The Making of Space Oddity

Back in July 1969 the world was waiting for Apollo 11 to launch and hopefully land man on the moon. Space Oddity was released 9 days before the launch of Apollo.
But what was it about? Why did the BBC ban it? Why did it take many years to get to No.1?
Why was Rick Wakeman and Herbie flowers involved
Why did the stylaphone become involved in the story of the song?
Why did Hyde Park become involved?

The song came from the album David Bowie,
The song is about astronaut Major Tom and a mission, he will not return home from. Most people believe that it was made especially to coincide with the moon landing at the same time. According To Bowie he says the song was inspired by the sci fi film 2001 a space odyssey.

Others say the record is a side swipe at the British space program or the lack of it or the way the American society had come so far technically but not morally.
The song never made a huge impact in 1969 although it did get in the top ten, but it was not until its rerelease in 1975 that it became David’s first No. 1 single.
Despite its relatively poor chart performance in 1969 it still went on to win the Ivor novella award. It was in 1969 that David split from the record company DERAM and had a temporary contract with Mercury who had heard a rough version of space oddity.
John Hutchinson was the musical partner to Bowie at this time. Hutchinson was an important foil for Bowie during this time, as a (usually) harmonizing backup vocalist and guitar accompanist. He also helped Bowie with his songs, including "Space Oddity," for which Hutch threw in some chords and suggested scraping the guitar strings to simulate to sound of a rocket launch, although Hutchinson did not get a song writing credit.
Space Oddity kept being turned down even by Beatles producer George Martin. One reason was that the song was being closely associated with the Apollo 11 moon mission and if anything had gone wrong on Apollo 11 the song would always be associated with it.
In fact the BBC banned the song when it was finally released for that very reason and it only got played after the mission was complete.
The single was prodded by Gus Dudgeon. Who went on to work with rocket man Elton john. Gus died in 2002.
 The track was recorded at Trident Studios on 20 June 1969 (with overdubs a few days later) and used the in-house session player Rick Wakeman who was later to achieve fame with the progressive rock band Yes, as well as Mick Wayne (guitar), Herbie Flowers (bass), and Terry Cox (drums).[6]
The song was promoted in advertisements for the Stylophone, played by Bowie on the record and heard in the background during the opening verse.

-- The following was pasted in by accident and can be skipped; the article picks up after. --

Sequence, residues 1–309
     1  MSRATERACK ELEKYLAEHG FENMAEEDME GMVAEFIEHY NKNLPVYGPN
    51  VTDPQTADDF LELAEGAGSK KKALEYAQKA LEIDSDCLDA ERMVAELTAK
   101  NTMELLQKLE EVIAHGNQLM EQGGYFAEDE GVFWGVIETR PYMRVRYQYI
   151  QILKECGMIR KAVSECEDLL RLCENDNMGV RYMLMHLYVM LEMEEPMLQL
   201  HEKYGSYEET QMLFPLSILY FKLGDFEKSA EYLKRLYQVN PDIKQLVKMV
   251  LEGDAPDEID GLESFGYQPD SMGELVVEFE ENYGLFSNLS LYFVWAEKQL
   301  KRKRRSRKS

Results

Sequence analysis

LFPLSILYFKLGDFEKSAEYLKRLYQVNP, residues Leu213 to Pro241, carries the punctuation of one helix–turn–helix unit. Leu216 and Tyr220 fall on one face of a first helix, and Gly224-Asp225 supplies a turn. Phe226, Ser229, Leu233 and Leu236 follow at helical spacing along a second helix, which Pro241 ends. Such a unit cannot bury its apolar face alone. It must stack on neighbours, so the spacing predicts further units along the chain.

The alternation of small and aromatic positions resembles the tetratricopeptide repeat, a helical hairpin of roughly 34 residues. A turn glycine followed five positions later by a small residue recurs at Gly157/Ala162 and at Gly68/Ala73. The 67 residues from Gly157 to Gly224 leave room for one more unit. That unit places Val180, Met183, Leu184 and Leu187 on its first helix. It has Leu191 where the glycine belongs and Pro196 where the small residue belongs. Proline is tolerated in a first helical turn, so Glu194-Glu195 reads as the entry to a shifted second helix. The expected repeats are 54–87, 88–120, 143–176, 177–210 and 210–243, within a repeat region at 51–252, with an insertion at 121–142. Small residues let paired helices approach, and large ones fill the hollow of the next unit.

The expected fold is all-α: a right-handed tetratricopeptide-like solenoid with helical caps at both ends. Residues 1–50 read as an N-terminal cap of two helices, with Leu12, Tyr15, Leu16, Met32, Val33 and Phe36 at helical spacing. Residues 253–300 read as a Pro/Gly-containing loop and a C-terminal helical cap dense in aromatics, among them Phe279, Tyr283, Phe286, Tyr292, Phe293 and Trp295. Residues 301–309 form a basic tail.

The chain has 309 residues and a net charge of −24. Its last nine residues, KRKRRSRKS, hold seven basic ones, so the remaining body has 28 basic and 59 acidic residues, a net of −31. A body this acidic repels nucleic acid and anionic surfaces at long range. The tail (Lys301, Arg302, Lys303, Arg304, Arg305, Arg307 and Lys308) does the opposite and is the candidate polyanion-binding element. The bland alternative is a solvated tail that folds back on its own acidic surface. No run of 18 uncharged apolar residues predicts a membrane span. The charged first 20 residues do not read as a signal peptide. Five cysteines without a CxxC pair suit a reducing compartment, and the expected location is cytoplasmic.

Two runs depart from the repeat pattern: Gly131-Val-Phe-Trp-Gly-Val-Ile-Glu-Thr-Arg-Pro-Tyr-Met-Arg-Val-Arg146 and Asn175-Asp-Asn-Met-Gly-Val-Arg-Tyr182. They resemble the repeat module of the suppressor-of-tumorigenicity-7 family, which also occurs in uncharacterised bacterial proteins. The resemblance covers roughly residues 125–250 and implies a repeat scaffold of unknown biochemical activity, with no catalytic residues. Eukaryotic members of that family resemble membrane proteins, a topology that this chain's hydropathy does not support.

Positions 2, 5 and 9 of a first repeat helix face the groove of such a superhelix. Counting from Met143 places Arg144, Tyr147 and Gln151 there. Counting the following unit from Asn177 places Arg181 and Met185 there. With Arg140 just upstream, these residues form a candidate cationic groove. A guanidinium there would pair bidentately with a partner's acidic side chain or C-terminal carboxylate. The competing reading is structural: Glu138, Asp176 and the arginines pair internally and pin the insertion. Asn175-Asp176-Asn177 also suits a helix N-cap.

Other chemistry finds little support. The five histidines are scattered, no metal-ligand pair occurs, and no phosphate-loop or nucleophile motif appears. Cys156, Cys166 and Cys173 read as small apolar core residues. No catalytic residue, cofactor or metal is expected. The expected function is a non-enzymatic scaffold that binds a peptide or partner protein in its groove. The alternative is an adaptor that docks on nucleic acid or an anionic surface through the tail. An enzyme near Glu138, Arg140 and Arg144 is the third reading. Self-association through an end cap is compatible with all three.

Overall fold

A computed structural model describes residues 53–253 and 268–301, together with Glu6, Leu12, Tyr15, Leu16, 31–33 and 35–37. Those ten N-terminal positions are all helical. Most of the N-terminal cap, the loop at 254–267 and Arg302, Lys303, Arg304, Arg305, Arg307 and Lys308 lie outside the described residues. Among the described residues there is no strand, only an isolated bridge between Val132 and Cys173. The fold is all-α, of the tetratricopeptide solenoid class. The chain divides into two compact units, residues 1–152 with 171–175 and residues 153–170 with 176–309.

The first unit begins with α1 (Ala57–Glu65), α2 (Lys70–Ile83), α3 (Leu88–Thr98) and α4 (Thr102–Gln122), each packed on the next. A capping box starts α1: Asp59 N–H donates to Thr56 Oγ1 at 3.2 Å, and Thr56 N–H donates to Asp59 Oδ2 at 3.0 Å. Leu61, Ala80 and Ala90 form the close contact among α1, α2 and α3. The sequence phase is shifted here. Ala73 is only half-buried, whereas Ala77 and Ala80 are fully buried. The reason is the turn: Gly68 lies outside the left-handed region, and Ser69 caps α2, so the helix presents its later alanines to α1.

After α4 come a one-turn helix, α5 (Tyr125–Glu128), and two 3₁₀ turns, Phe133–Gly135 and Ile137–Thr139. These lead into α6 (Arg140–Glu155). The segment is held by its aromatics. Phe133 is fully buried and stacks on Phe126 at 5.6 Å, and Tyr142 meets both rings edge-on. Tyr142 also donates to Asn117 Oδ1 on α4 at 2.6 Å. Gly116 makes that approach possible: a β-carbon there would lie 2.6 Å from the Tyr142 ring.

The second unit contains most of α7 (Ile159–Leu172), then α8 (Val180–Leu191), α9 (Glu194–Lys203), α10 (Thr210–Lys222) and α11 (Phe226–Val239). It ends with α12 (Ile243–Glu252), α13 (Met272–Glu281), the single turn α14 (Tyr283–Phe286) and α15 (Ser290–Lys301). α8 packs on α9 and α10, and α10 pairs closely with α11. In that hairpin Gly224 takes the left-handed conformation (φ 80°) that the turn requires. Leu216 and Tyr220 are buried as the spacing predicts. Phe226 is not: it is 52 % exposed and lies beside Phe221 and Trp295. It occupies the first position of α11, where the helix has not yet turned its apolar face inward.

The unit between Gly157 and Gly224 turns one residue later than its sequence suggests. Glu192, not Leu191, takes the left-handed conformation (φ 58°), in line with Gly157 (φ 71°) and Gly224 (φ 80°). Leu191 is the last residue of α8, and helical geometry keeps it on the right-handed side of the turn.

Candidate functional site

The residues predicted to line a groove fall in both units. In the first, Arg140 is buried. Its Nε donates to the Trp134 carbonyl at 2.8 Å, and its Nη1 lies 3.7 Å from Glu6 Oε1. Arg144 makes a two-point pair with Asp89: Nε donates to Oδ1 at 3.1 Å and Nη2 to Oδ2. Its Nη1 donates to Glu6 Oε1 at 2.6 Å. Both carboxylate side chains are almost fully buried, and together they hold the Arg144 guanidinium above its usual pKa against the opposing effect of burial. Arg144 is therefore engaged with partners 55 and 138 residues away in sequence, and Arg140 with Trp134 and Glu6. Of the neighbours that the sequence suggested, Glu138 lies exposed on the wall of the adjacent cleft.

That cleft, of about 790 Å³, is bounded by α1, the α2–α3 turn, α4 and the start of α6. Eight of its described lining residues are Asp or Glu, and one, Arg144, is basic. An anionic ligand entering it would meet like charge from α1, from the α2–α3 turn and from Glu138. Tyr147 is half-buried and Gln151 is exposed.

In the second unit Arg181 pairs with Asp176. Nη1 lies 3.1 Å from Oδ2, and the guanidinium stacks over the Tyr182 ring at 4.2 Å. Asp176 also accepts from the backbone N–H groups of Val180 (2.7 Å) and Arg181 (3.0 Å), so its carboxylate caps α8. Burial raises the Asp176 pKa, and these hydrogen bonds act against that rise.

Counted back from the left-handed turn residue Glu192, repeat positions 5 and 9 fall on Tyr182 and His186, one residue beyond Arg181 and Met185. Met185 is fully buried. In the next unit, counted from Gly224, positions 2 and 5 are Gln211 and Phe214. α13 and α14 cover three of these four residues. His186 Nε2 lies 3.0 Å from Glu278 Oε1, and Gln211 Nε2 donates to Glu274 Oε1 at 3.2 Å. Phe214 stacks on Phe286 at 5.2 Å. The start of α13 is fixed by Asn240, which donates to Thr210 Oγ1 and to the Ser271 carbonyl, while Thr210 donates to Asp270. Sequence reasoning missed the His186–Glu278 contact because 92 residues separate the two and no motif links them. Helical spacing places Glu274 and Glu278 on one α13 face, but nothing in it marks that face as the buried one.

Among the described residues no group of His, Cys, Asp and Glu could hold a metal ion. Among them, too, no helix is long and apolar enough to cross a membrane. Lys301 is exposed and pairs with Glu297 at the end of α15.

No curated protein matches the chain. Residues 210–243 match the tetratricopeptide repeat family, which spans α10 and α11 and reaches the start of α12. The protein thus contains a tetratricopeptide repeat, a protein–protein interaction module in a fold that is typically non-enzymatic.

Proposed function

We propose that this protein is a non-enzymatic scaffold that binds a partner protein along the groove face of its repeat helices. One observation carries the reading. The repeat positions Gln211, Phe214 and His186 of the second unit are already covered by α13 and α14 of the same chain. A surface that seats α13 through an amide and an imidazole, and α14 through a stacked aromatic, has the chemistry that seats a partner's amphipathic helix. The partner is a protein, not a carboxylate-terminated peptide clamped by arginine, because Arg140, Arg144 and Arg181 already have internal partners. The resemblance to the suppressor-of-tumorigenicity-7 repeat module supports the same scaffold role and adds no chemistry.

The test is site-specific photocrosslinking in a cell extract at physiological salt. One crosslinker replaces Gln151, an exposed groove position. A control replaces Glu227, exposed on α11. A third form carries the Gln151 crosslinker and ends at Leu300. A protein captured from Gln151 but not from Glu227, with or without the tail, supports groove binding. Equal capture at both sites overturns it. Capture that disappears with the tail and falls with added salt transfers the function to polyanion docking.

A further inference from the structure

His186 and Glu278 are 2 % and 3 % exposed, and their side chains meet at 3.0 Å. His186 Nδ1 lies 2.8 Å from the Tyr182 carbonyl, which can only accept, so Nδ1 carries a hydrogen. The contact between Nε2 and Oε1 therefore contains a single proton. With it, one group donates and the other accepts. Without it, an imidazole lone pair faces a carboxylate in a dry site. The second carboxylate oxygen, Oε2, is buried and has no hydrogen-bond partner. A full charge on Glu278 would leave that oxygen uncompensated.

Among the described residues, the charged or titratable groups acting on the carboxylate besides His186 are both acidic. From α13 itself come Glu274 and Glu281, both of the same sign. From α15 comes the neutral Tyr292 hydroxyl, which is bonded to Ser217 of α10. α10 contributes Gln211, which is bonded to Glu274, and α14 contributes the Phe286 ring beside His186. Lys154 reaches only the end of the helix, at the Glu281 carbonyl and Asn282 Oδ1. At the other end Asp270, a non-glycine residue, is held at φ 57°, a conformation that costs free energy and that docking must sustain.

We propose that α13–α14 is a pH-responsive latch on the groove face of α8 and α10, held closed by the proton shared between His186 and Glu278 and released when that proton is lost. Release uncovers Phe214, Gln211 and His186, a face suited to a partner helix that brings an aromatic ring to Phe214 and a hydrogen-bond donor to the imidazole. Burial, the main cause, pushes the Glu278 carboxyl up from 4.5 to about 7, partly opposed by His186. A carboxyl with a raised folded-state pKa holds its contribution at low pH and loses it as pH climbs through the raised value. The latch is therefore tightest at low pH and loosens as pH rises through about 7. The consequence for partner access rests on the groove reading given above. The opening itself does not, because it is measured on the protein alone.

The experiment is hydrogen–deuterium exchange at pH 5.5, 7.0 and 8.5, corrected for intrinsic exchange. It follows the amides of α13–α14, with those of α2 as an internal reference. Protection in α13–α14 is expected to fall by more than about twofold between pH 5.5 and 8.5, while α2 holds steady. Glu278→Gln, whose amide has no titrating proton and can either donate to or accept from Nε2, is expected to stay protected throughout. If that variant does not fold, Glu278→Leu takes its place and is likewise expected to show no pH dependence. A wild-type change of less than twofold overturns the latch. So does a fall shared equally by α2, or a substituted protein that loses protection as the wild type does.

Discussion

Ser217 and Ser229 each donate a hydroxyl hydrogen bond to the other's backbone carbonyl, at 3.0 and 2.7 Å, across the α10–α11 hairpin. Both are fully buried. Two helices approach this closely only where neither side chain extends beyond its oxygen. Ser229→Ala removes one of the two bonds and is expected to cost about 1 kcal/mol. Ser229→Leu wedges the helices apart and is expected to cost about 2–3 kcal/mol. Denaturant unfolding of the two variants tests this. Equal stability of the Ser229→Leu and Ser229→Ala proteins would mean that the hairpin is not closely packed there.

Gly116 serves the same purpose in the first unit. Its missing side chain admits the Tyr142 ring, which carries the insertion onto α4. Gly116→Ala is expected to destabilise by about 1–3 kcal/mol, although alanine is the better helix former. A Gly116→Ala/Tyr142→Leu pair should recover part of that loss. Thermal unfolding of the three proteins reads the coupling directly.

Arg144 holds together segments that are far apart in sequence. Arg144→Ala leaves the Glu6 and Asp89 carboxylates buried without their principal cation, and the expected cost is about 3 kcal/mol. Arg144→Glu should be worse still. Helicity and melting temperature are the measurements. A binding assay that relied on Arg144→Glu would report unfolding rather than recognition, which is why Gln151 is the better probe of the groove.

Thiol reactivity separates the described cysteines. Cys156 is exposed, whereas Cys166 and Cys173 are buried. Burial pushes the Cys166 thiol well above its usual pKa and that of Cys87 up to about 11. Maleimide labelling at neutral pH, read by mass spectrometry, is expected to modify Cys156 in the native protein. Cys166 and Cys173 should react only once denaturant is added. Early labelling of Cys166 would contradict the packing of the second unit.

In a 2003 interview with Performing Songwriter magazine, Bowie explained: "In England, it was always presumed that it was written about the space landing, because it kind of came to prominence around the same time. But it actually wasn't. It was written because of going to see the film 2001, which I found amazing. I was out of my gourd anyway, I was very stoned when I went to see it, several times, and it was really a revelation to me. It got the song flowing. It was picked up by the British television, and used as the background music for the landing itself. I'm sure they really weren't listening to the lyric at all (laughs). It wasn't a pleasant thing to juxtapose against a moon landing. Of course, I was overjoyed that they did. Obviously, some BBC official said, 'Oh, right then, that space song, Major Tom, blah blah blah, that'll be great.' 'Um, but he gets stranded in space, sir.' Nobody had the heart to tell the producer that."
During 1968 Bowie also had “a flirtation with smack,” he admitted years later, and some have argued the icy majesty of “Space Oddity” suggests it’s really a heroin song, the “liftoff” section marking when the needle hits the vein.
It was intended to be a duet: the opening verse was originally sung by Hutchinson who had a lower range, while Bowie harmonized an octave higher. Hutchinson as “ground control” again opened the second verse until the big reveal: Major Tom speaks at last, with Bowie finally appearing in his most resonant tone. Hutchinson recalled that he and Bowie loved Bookends, and here Hutchinson keeps to the ground as “Simon” while Bowie wafts in as “Garfunkel.” Bowie’s skill as a singer had developed enough, however, that he could play all the roles on “Space Oddity,” ......recorded on 20 June 1969, debuted over the PA system at the Rolling Stones’ free Hyde Park concert on 5 July, which had become an impromptu funeral service for Brian Jones.